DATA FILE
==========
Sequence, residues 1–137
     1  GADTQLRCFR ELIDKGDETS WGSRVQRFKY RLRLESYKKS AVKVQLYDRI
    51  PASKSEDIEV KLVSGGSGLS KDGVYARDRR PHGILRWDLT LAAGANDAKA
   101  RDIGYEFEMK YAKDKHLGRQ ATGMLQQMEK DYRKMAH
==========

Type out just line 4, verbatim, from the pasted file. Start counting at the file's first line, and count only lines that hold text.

   101  RDIGYEFEMK YAKDKHLGRQ ATGMLQQMEK DYRKMAH